"What they are doing is a very, very strong measure and with full commitment. So based on the situation they are taking the action they deem is appropriate, is very important,” WHO Director-General Tedros Ahanom Ghebreyesus said.

"We stressed to them that by having a strong action not only they will control the outbreak in their country but they will also minimize the chances of this outbreak spreading internationally. So they recognize that," he said.

WHO officials said that they have not seen third- or fourth-generation transmission of the virus in China or secondary-level spread in countries where it has spread.

The WHO said it will decide Thursday whether to declare a global emergency over the outbreak of the flulike virus spreading in and beyond China.



Cases of the new coronavirus pneumonia disease rose to 571 on the Chinese mainland as of Wednesday midnight, including 95 in critical condition, and fatalities rose to 17, China's National Health Commission said on Thursday morning.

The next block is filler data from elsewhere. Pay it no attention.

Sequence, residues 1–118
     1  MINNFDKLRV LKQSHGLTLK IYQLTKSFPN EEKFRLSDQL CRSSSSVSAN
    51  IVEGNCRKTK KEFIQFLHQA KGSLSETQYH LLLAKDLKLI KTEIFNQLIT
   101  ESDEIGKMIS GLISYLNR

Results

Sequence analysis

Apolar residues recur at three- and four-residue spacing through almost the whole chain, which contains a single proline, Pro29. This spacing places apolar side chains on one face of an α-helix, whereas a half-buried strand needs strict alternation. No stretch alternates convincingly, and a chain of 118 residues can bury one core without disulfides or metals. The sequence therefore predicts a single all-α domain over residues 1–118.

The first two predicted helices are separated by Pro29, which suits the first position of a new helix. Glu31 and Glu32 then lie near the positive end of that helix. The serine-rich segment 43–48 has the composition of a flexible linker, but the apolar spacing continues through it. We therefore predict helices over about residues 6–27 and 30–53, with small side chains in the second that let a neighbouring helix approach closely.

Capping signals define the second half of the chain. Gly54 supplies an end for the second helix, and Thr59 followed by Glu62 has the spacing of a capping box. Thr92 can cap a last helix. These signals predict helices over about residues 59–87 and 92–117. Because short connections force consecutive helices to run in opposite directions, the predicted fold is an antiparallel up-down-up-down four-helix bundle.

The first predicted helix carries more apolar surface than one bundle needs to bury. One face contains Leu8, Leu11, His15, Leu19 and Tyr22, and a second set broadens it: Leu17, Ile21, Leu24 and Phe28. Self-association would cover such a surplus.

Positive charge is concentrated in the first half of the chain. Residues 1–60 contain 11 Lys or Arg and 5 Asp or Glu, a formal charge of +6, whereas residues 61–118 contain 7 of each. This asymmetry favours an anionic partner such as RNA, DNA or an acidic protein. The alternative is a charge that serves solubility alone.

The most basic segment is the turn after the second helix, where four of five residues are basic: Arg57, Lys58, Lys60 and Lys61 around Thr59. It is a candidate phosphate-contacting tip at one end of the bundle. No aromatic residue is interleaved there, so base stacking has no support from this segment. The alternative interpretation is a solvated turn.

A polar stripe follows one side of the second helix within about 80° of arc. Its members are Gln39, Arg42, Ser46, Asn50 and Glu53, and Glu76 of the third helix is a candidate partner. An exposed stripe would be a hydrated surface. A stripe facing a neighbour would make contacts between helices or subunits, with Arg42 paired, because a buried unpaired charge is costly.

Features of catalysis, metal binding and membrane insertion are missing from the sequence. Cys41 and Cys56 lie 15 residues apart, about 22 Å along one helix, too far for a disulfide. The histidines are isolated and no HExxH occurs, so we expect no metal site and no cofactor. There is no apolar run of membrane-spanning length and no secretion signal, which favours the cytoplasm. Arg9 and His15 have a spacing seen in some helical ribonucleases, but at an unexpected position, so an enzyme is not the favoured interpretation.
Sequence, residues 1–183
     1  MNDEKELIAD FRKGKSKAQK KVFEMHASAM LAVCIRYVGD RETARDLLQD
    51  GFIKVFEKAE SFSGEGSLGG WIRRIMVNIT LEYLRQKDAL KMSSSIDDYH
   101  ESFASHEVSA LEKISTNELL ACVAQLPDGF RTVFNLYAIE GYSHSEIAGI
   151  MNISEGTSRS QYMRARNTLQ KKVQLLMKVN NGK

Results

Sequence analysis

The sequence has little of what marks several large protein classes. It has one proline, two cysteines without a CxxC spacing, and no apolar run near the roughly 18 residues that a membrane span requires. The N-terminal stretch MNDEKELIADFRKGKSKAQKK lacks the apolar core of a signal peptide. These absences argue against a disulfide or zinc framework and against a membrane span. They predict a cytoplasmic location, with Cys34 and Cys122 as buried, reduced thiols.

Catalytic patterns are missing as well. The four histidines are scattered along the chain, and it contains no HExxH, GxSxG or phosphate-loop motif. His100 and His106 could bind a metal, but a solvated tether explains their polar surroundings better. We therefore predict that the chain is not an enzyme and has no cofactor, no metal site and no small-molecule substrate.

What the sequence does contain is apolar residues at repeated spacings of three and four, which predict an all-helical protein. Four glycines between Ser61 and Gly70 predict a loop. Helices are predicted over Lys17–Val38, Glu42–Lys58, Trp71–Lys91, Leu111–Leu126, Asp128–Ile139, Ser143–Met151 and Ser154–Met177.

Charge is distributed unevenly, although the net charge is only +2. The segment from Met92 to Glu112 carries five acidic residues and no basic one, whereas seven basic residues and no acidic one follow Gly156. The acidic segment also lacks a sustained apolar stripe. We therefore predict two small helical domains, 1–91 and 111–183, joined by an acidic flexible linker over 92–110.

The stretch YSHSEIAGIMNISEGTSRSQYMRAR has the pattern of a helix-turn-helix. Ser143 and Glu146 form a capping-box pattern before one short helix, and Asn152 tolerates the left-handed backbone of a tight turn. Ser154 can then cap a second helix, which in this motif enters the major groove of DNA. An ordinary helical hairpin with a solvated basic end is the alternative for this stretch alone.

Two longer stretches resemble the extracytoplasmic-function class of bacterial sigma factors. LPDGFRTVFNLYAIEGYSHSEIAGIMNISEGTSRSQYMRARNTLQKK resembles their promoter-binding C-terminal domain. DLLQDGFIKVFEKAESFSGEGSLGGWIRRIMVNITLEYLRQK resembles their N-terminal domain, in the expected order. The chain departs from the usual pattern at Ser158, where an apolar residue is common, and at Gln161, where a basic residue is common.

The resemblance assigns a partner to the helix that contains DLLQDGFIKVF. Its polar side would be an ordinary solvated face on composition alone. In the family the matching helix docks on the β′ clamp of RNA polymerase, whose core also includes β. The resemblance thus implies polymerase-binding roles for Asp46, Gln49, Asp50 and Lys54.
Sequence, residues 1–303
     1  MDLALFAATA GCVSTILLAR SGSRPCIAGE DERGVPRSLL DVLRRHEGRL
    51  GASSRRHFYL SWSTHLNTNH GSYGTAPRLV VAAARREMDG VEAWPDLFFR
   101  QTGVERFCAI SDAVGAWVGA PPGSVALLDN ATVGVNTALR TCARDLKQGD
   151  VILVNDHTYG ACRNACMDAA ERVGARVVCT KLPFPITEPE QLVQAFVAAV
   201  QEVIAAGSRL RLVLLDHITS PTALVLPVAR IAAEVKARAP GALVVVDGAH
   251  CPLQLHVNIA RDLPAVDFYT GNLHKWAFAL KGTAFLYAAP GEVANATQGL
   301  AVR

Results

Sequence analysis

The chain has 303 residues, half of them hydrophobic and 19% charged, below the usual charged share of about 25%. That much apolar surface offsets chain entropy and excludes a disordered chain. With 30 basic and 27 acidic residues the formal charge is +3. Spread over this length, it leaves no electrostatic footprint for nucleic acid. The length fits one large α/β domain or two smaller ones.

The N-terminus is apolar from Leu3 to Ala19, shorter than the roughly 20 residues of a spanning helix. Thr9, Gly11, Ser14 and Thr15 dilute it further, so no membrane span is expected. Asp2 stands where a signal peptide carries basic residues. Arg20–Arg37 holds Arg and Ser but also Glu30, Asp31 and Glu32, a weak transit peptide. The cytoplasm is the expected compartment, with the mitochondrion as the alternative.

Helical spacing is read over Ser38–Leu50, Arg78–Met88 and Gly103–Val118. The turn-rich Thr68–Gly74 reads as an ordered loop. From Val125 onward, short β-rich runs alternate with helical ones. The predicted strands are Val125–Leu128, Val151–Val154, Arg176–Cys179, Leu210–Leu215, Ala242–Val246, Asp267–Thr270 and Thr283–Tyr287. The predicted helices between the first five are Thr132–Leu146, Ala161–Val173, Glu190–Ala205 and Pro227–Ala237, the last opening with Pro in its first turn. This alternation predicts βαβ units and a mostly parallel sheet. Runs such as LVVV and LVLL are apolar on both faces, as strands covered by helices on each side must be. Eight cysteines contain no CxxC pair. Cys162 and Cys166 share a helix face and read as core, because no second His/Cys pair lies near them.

In addition, 393 suspected cases were reported as of Wednesday midnight. All the reported deaths were in Hubei province, the epicenter of the outbreak.

Outside the mainland, Hong Kong, Macao and Taiwan each confirmed one case.

Thailand confirmed three cases, while the United States, Japan and South Korea reported one confirmed case each, the commission said.

Health authorities have traced 5,897 people who had close contact with the patients, and 969 of them have been released from medical observation, with 4,928 still under medical observation.

Earlier on the same day, the government of Wuhan, the epicenter of the outbreaks, announced a suspension of the city's public transport system, including buses, subway and ferry, and exits of airport and railway stations in the city, for disease control.

Upgraded measures are being taken to contain the outbreak of viral pneumonia within Wuhan, the epicenter of the disease, to prevent it further spreading to other regions.

"We must be steadfast and strong to keep the outbreak within Wuhan. We'll urge Hubei province and the city of Wuhan to take the strictest measures for prevention and control," Li Bin, vice-minister of the National Health Commission, said on Wednesday.